20 February 2008

Presocratics Commentary in an Introductory Course

I have an idea for two regular features on this blog: (1) a translation quiz or workshop, and (2) a periodic workshop about teaching. The translation quiz might pose a Greek text and sample translation, and then solicit comments for changes or improvements (and, really, anyone might propose these for us, not simply myself). The teaching workshop would raise a question about teaching and solicit views.

For instance, as regards (2), here's a question about teaching the so-called presocratics. Some professors assign only collections which have no commentary (Freeman's Ancilla) or minimal commentary (Barnes' Penguin volume), preferring to give their own. But others like to assign a secondary source which in any case gives an alternative commentary.

I usually count myself in this second camp. Now my question is: Which secondary work offering a commentary, or historical narrative, do you think is best? If only one such commentary were to be required reading in a unit on the presocratics in an introductory course in ancient philosophy, which should that be? (Assume that if the commentary does not itself contain the testimonia and fragments, as e.g. McKirahan does in his Philosophy before Socrates, then these would otherwise be somehow made available to the students.)

In the past I've used McKirahan, Hussey, and Waterfield's congenial The First Philosophers in that role. But recently I've been looking at James Warren, Presocratics: Natural Philosophers before Socrates (U Cal Press, 2007), which I'm now thinking may be the best of the lot. It is brief, accessible, clear, comprehensive in its way, and to my mind shows good judgment.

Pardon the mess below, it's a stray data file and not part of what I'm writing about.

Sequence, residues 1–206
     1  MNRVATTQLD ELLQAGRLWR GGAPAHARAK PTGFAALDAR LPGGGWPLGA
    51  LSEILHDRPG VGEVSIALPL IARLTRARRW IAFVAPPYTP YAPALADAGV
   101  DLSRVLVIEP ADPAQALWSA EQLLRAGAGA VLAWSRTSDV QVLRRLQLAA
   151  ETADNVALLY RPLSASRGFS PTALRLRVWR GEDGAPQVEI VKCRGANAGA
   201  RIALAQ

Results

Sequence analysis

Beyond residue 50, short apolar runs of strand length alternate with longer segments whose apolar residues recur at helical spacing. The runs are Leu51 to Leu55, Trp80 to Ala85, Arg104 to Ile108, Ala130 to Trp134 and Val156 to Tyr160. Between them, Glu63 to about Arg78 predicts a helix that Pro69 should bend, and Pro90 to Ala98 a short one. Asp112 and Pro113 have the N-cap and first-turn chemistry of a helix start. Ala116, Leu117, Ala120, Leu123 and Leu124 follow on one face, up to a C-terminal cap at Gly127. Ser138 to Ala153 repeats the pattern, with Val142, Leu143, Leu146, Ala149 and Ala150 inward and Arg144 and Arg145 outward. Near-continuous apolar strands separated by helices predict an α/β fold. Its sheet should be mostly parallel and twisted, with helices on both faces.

But what's your view? No need to answer the question in the terms set: thinking outside the box is welcome.


Anonymous said...

David Furley, The Greek Cosmologists

Anonymous said...

Pardon the non sequitor. Do you know where in the Republic Socrates talks about the speculators, those too weak to do real work?

Anonymous said...

Rep II 371C (not speculators but retailers)

mr. maurer said...

Thank you

Mason Marshall said...

For whatever it's worth: I hope (1) and (2) do become regular features on Dissoi Blogoi.

Anonymous said...

My opinion is that it's best to dispense with the available commentaries and force students to come to grips with the fragments (at least the most important of them) on their own. Making one or another commentary required reading, I think, gives the impression that it's fairly clear how the fragments are to be interpreted (even if the commentator goes out of her/his way to say that it isn't so clear and/or discusses alternate interpretations). Also it places an unnecessary obstacle between students and the philosophers in quesiton. Of course, without requiring a commentary, the teacher will have to provide a little background and commentary of her/his own, but this, I find, is far better than making students read and (try to) understand what some other teacher or scholar said about these philosophers. This approach allows for more creative thinking about the fragments. Then again, if one is interested in quick sketchy "surveys" of what these philosophers are supposed to have said, one may as well require them to read some modern commentary - and, while one is at it, one may as well dispense with the fragments themselves. But this can hardly pass for an education in Presocratic philosophy.